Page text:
Anyone who has watched a police procedural on American television is familiar with the Miranda warning, the ritualized litany by which individuals in police custody are informed of their Fifth and Sixth Amendment rights – specifically, of their right to silence during police interrogation and their right to legal counsel while being interrogated. In fact, after police and lawyers, actors may be among the professionals with the most day-to-day interaction with this piece of case law, in light of how often it appears in movies and television. However, this sort of passing familiarity doesn’t necessarily translate to an understanding of the importance of the rights it describes, how they apply to one’s own life, or the danger that can result from waiving those rights.

I want a lawyerThis was clearly illustrated in the aftermath of the 2021 movie set shooting incident during the filming of the movie Rust in New Mexico, in which a gun being held as a prop by actor Alec Baldwin fired a projectile that killed cinematographer Halyna Hutchins and wounded director Joel Souza. During the initial police investigation of the incident, Baldwin asked if he was being charged with a crime. Police told him that he was not, and that the reading of his Miranda rights was “just a formality.” Accepting this, Baldwin went on to speak to police, while being recorded, without a lawyer, at length.

For most innocent people who find themselves accused or suspected of a crime, the natural instinct is to explain oneself, to clear up whatever misunderstanding resulted in suspicion falling on them, and to help the police in getting their investigation on the right track to find the real criminals. This instinct, while very human and entirely reasonable, is not rewarded by the American criminal justice system. The assumption that “only guilty people have something to hide” and that innocent persons should cooperate with law enforcement without the need for a lawyer present does not reflect the way our legal system works. Too often, well-meaning people – convinced that their innocence means they don’t need legal representation – have found themselves charged with a crime with the content of their statements to the police used as evidence against them.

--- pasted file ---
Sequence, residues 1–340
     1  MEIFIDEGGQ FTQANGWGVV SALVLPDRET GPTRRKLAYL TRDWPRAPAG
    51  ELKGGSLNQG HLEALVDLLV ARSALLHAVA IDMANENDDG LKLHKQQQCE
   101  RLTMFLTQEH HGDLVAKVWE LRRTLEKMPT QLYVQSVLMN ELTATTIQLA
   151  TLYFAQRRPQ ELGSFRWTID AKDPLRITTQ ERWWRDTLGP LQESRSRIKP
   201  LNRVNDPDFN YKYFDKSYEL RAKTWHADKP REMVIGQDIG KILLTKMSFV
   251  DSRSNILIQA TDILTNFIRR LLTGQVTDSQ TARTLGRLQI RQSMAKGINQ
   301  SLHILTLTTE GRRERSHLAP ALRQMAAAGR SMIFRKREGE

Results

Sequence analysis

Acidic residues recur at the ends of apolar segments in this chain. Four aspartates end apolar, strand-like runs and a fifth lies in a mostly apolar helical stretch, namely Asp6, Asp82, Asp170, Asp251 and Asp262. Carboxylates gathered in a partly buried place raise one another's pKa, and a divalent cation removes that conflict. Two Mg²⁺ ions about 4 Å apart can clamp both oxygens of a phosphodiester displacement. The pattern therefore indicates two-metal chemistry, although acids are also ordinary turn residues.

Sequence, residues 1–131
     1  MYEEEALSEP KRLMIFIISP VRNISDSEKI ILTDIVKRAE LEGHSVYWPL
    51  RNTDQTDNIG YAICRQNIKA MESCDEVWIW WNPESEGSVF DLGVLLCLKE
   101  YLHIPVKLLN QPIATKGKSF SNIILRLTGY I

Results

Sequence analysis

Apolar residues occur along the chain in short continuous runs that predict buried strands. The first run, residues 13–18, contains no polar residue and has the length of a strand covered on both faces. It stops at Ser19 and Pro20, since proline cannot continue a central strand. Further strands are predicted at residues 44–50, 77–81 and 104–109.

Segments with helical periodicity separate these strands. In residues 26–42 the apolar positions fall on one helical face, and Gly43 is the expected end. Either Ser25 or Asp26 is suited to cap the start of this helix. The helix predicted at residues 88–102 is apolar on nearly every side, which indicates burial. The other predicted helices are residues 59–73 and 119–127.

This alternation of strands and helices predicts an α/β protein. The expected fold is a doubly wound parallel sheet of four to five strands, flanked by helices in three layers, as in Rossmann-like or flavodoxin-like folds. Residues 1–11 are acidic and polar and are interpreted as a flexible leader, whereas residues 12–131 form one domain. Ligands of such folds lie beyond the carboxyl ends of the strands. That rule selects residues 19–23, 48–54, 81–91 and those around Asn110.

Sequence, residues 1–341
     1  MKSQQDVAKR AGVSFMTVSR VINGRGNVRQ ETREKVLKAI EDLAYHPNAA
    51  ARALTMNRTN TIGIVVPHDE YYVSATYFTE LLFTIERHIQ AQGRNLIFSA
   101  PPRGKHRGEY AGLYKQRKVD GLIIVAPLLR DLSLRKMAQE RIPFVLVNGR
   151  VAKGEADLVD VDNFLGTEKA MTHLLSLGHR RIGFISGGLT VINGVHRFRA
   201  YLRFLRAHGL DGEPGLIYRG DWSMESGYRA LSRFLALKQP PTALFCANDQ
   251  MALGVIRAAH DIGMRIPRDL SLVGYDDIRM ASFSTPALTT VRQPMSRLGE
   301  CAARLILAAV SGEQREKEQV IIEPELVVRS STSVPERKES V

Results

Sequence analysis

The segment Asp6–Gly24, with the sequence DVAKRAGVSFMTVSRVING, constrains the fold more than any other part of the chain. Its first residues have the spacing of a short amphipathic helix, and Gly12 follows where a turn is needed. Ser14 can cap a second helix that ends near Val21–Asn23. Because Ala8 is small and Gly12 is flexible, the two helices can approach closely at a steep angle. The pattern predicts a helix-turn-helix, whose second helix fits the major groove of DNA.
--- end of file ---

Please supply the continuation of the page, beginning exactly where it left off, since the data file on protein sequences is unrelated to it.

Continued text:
In their investigation of the movie set shooting, police assured Baldwin that he was not being charged, convinced him that he was not under suspicion, and persuaded him to speak with them openly and in detail, to the point of offering his own theories about events. However, what many people do not realize is that police are legally allowed to lie to the individuals they are interrogating. As author and law professor James Duane points out in his book, “You Have the Right to Remain Innocent,” when police interrogate you, they can lie about whether you are a suspect, whether they intend to pursue charges against you, whether your statements may help you, whether you are on the record, what crime they are investigating in the first place, what evidence they have against you, whether other witnesses have spoken with them, and the content of the statements of those witnesses.

In short, police have wide latitude to lie to you in order to trick or pressure you into saying something incriminating. Worse still, it doesn’t matter how much you say in your statement that supports your innocence; prosecutors can cherry-pick a single suspicious or incriminating comment from your statement to police, while defense attorneys have a much harder time introducing any exculpatory content from the same statement, due to hearsay laws. Nearly 30 percent of the 375 innocent people whose conviction of crimes were overturned by the Innocence Project through the use of DNA evidence since 1989 had been originally convicted partly due to false confessions. Research indicates that most false confessions result from interrogations lasting six hours or longer, and almost all involve police lying to suspects – with many also implying promises of leniency that lead the accused to think that giving up their right to silence is their only recourse.

In Baldwin’s case, his trust that he was not a suspect led to his lengthy police interviews, in which he told police that he was handed the gun by the film’s armorer, Hannah Gutierrez-Reed, who told him it was safe. He stated that, having never had a problem with her work in the past and not wanting to insult her, he declined to check the gun himself. As of January 18th, of this year, both Baldwin and Gutierrez-Reed face involuntary manslaughter charges, as prosecutors argue that Baldwin had a responsibility to check that his gun prop was safe – shocking many in the film industry, where this responsibility belongs to the crew, not the actors. In retrospect, Baldwin would have been better advised limiting his statement to, “I want a lawyer.”

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